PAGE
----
Cultural Commentary: John and Kate Gosselin and state of marriage in America


Recently the fceractured marriage of John and Kate Gosselin has been in the news.  The pair became famous after establishing a reality television show chronicling their attempts to parent their eight children.  The couple has one pair of twins and sextuplets.   However, in April the couple on air for a season finale announced their separation and pending divorce. It was the highest rated episode of the show ever.  The marriage reached a failure point connected at a minimum to Kate’s  chasing fame, and John chasing other women.  Yet, the roots to the marriage failure were there well before those elements surfaced.  They reached their goals of children, felt the other didn’t satisfy wants or expectations, and went after the paths that attracted them, leading to the marriage destruction.

There is no shortage of rumors regarding the difficulties of this couples marriage. Any signs of fight or conflit make assorted news providers and blogs around the Internet.     According to Associated Press, Kate Gosselin made a recent appearance on Regis and Kelly and Regis suggested that the marriage still has hope of being repaired.  Kate responded with, “I can’t say that I think you’re right, at all.”  The end of this marriage is sad, yet it is a common result of marriage in the United States.  According to varied sources the divorce rate is at 40-50% of marriages end in divorce. John and Kate simply reflect what transpires in the culture at large.

Unfortunately according to George Barna research Christians are not indistinguishable from anyone else regarding divorce rate according to a Christian Post article. So the question is why do marriages so frequently end in divorce? Why is there no difference between Christians and other people? The prime reason in general is because people take a self-focused approach to marriage.  The focus is on what the partner is doing to display love or meet the interpersonal needs for the other.  It can easily become about what is lacking versus focusing on building each other up.

In general, couples have a hard time doing the work to keep the relationship together.  The Bible gives clear directives on the need to focus on each other in a marriage. The husband is to love his wife as Jesus loves the truth. Think about that for a minute. Jesus stands by and loves us when we are unfaithful or even directly turning our back on Him.  Such love is very difficult, because it in essence but the needs and cares of the wife first.  Now the wife is simply submit and respect the husband, just as we believers are to do with Jesus.  If we had this other focus, marriages would be much healthier and divorce rates much lower.  Now, admittedly this author is far from this standard of relationship in marriage. Yet, it is these essential principles that are a core to marital health.

The fact is divorce, while painful and destructive to all those involved, is a ready out. It is seen as an escape when there is significant damage to self.  Many folks even point to the stated Biblical standards where divorce is appropriate.   When there is the betrayal of adultery in a marriage, the idea of divorce comes too readily.   Yet, if we are to have the mind of Jesus and given the Biblical directives for relationships, divorce should be the last course.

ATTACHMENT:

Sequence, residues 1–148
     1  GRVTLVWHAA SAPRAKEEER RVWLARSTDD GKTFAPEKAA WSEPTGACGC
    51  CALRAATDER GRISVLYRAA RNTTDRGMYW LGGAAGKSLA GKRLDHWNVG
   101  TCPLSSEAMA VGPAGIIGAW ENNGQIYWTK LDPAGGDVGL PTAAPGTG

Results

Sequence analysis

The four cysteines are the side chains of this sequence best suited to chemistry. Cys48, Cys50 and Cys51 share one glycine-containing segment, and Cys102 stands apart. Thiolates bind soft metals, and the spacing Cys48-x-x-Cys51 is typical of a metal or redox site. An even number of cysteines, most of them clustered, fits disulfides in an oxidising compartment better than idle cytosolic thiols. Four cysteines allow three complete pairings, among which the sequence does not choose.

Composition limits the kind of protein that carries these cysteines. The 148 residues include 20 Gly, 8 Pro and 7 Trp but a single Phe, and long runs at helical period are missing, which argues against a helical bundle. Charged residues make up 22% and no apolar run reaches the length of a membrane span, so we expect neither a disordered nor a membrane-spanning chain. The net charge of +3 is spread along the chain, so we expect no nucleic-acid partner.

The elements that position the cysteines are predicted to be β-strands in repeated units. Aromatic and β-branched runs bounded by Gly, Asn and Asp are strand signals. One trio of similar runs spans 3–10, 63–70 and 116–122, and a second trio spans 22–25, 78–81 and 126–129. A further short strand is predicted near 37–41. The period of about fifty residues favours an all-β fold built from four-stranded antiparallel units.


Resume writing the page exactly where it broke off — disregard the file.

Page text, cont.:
Sadly, separation does not come at times when it should. When a spouse not only fails to interact with Biblical love, but engages in direct, specific harm to a spouse through assorted forms of abuse, then the way of love is to separate and pray for repentance.  Reconciliation should come with significant evidence of repentance and change.

Marriage takes work. There are several sound Christian resources on the Internet that can help with the assorted struggles a couple can encounter in marriage.  Here are a few:

There are certainly other resources out there. If you are in a marriage is struggling or seems to be coming to an end, please look into any of the linked resources.  Besides those resources, please consider seeking sound biblical based marriage counseling. At a minimum, seek support and prayer from any around you willing to stand by you.  If you lack support, at a minimum spend time praying daily for your spouse and work to display love.

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One Response

  1. I believe the marriage was in trouble from the beginning, and Kate probably thought that more kids would save it.

    I feel that Jon never really grew up, and that Kate has been his ‘mother’ since she met him. It’s a role she obviously desires. She wants to be a mom. There’s nothing wrong with that.

    Their dynamic was probably fine until she actually had kids…which she rushed into.

    I think then Jon didn’t step up to the plate and she became ‘bossy’…for the purpose of their survival.

    For some reason, lots of women think that adding children to a troubled marriage will ‘fix’ it. So they added, unintentionally, 6 more.

    Now, when you’ve got eight kids and a partner that you STILL have to mother as well, it’s a recipe for disaster.

    Add to that cameras 7/24, instant public recognition, money and girls throwing themselves at Jon (to get in on the fame train) and you’ve got a weak husband who breaks.

    I don’t think the marriage is reparable, and I don’t think it should have ever taken place.

    Jon is loving the attention and has left the building. Young girls throwing themselves at him are far more alluring to an immature man than a wife with eight kids.

    She will be raising these kids herself. He’s almost completely out of the picture. As soon as there’s no more cameras rolling, no more money to be made off his children’s backs, this guys’s outta there.

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